Brazil Says “NO” Again to OOXML
In his blog, Avi Alkalay, an Open Standards, Open Source and Linux advisor at IBM Brazil, reports on the official Brazilian vote, which was decided by consensus of the entire technical team, and quite firmly says that OOXML does not deserve to be an international ISO standard.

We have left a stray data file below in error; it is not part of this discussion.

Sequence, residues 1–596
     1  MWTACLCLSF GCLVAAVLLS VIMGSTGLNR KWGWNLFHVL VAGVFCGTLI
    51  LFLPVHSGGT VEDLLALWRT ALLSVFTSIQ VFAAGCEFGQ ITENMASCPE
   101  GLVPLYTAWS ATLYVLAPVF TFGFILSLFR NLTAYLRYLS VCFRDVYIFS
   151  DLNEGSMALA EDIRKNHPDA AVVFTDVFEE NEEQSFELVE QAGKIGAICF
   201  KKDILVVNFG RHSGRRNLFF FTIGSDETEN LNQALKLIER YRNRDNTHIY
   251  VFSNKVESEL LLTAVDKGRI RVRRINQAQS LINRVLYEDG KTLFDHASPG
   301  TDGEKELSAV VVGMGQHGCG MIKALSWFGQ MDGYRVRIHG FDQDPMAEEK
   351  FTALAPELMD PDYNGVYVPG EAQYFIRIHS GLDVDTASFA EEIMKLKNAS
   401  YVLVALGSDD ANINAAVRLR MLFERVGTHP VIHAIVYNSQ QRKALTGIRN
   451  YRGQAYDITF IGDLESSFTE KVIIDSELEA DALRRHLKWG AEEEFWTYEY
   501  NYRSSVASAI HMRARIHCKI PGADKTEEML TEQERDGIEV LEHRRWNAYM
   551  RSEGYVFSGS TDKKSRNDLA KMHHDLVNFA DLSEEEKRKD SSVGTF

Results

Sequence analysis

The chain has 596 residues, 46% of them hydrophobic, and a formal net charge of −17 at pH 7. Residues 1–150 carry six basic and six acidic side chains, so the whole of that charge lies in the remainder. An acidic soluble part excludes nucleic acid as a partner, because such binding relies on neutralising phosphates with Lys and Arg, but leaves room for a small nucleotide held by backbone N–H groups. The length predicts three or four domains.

The first vote in August 2007 was also NO, for the same reasons, says Alkalay. "OOXML is an awful specification" he explains. The criticisms levied at the time by the Brazilian committee, according to Alkalay were that OOXML was “incomplete” due to its failure to map to legacy standards, “too long” (6000+ pages), “fully tied to a single product” and more importantly that OOXML did not have the “standards-grade look and feel required for a universal and (virtually) eternal document format”. According to Alkalay the outcome at the time was only to be expected because Brazil followed the prescribed process: technical analysis OOXML specification, comment, wait for responses, analyze and see if problems were fixed. A vote of NO would then be automatic if any issues remained unresolved, and Brazil discovered numerous unresolved issues. “If every country followed this simple process, OOXML would receive a NO from 100% of them.” says Alkalay before going on to plead for a technical consensus rather than a vote. “It is not a matter of will, but a technical issue that can only be reached by rational analysis and deliberation.” Alkalay also states that Brazil would vote NO again and again, even if all of OOXML’s technical issues could be resolved. OOXML would still have legal issues and also serious overlap problems with the OpenDocument Format ISO standard. Alkalay did not attend the meeting at ABNT (Brazilian Technical Standards Organization) because the outcome was obvious in the light of the analysis and deliberation process in Brazil.